Consciousness and Free Will

There has been a lot of literature recently, both scholarly and popular, about the fact that humans’ decision-making processes are not actually carried out in a conscious fashion. That is, experiments have shown that decisions are made in the brain some time — up to several seconds — before we are aware of making them. Google “consciousness free will” for many, many links.

This biological fact leads a lot of people to declare that we don’t have free will and are therefore “actually” mindless automatons, whatever that is supposed to mean. I’m a little bemused by this — I don’t think the fact has any bearing whatsoever on the question of “free will”, whatever that is (I have no idea).

The brain obviously makes a decision somehow, and the fact that we only percieve our brain’s having made the decision after the fact has little bearing on how exactly the brain makes it. Someone will have to define “free will” for me before I can opine on whether or not the brain has it. As to whether or not it’s “me” making the decision, why should I think of the parts of myself whose functioning I am not aware of as not being a part of me? I’m quite comfortable with the idea that my conscious experience of myself is really a summary, a newsreel, of the vaster collection of structures and activities that are me.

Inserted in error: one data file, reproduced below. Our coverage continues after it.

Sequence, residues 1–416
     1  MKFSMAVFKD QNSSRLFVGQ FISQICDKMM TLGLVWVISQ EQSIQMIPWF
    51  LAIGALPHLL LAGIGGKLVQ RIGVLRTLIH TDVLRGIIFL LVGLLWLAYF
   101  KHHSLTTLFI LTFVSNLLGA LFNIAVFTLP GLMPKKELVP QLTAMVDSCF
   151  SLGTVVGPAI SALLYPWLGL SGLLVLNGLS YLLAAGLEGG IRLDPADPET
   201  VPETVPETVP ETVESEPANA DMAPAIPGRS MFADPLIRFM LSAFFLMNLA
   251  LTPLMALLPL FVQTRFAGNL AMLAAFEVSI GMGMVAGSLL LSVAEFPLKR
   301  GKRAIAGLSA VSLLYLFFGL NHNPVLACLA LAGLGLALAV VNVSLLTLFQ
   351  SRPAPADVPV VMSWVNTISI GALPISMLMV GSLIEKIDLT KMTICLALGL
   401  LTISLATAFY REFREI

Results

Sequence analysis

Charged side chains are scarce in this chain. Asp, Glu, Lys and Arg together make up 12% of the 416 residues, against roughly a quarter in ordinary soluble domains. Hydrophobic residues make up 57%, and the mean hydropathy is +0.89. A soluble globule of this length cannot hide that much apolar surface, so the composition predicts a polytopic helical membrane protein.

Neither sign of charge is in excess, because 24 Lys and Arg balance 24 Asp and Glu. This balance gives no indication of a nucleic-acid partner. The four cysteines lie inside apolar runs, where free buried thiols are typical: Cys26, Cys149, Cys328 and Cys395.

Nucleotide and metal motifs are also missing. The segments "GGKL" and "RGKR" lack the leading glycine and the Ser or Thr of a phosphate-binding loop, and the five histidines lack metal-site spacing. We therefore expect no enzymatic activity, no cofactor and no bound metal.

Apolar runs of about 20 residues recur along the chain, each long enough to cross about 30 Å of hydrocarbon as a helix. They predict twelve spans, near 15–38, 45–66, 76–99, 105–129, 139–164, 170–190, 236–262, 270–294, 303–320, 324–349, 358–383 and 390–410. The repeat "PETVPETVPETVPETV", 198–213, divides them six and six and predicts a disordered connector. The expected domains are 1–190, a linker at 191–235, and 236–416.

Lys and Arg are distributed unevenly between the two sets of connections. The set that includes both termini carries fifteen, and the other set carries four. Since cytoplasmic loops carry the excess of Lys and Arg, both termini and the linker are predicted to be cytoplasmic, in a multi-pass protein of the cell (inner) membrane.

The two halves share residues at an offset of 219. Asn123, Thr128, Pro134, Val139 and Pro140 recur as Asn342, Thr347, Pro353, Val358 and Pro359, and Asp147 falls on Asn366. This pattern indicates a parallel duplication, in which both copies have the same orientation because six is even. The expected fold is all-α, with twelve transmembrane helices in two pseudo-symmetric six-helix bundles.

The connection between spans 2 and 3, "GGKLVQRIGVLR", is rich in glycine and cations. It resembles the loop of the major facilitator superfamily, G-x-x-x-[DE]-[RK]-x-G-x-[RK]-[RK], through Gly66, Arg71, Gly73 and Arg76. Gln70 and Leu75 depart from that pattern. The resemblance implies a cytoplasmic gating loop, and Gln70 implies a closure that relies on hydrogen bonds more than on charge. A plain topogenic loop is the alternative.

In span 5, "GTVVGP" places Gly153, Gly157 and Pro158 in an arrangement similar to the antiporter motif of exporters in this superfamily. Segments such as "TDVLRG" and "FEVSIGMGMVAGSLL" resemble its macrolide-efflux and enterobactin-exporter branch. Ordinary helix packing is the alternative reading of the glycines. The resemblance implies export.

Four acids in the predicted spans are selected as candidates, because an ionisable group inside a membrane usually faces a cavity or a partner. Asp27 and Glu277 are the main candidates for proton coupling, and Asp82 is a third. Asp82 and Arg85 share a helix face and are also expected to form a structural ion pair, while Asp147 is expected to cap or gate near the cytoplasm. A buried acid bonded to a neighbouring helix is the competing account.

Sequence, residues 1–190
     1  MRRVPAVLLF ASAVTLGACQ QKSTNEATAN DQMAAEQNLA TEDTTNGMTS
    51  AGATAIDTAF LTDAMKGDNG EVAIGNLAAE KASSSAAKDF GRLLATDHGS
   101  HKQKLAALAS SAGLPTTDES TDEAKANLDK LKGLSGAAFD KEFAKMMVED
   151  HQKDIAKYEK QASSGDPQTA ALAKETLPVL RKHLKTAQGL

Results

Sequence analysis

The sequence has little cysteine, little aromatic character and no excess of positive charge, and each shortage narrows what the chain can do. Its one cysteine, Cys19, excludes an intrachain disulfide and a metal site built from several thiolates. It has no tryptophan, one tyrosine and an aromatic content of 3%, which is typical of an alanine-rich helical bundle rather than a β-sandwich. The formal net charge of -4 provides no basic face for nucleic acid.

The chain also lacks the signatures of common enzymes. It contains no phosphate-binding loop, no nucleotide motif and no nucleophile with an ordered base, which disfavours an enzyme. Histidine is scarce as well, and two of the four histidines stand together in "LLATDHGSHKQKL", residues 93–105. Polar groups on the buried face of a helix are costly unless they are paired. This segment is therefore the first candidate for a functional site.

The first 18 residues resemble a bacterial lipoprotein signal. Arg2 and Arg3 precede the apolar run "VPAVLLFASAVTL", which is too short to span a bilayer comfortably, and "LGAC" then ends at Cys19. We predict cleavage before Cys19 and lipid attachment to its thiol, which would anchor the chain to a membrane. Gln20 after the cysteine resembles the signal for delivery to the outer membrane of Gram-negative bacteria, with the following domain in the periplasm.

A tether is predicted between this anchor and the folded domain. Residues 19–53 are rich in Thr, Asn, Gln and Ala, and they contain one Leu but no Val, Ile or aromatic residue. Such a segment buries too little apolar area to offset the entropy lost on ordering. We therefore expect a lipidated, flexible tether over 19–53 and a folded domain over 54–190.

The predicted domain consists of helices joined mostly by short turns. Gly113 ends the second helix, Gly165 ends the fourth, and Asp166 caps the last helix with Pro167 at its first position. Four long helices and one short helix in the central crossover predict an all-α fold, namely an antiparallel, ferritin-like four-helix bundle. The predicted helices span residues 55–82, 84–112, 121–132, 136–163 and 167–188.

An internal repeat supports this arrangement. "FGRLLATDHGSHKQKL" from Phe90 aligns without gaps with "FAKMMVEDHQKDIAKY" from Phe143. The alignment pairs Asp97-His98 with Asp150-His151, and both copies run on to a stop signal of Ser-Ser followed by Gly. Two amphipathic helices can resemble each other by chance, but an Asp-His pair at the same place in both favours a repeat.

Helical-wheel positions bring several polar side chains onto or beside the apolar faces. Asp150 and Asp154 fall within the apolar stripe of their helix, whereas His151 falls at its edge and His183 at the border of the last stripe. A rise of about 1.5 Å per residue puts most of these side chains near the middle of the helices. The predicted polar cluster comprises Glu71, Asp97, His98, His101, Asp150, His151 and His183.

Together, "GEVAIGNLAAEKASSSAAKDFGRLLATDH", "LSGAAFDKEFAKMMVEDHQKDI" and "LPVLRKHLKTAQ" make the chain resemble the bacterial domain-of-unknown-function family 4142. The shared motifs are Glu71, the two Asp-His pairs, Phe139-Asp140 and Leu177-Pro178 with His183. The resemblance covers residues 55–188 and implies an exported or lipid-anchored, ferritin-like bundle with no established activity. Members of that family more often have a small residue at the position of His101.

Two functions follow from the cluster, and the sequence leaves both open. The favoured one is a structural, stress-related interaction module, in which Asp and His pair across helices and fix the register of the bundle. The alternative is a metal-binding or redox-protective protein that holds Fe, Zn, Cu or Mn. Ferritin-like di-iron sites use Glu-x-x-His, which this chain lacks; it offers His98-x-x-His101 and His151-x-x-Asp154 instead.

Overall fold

I think the real reason people have sensationalized this result is that the sophomore bullshitter in many of us would like to be able to say “since I actually have no free will at all, it doesn’t matter what I do” to get a reaction out of other people.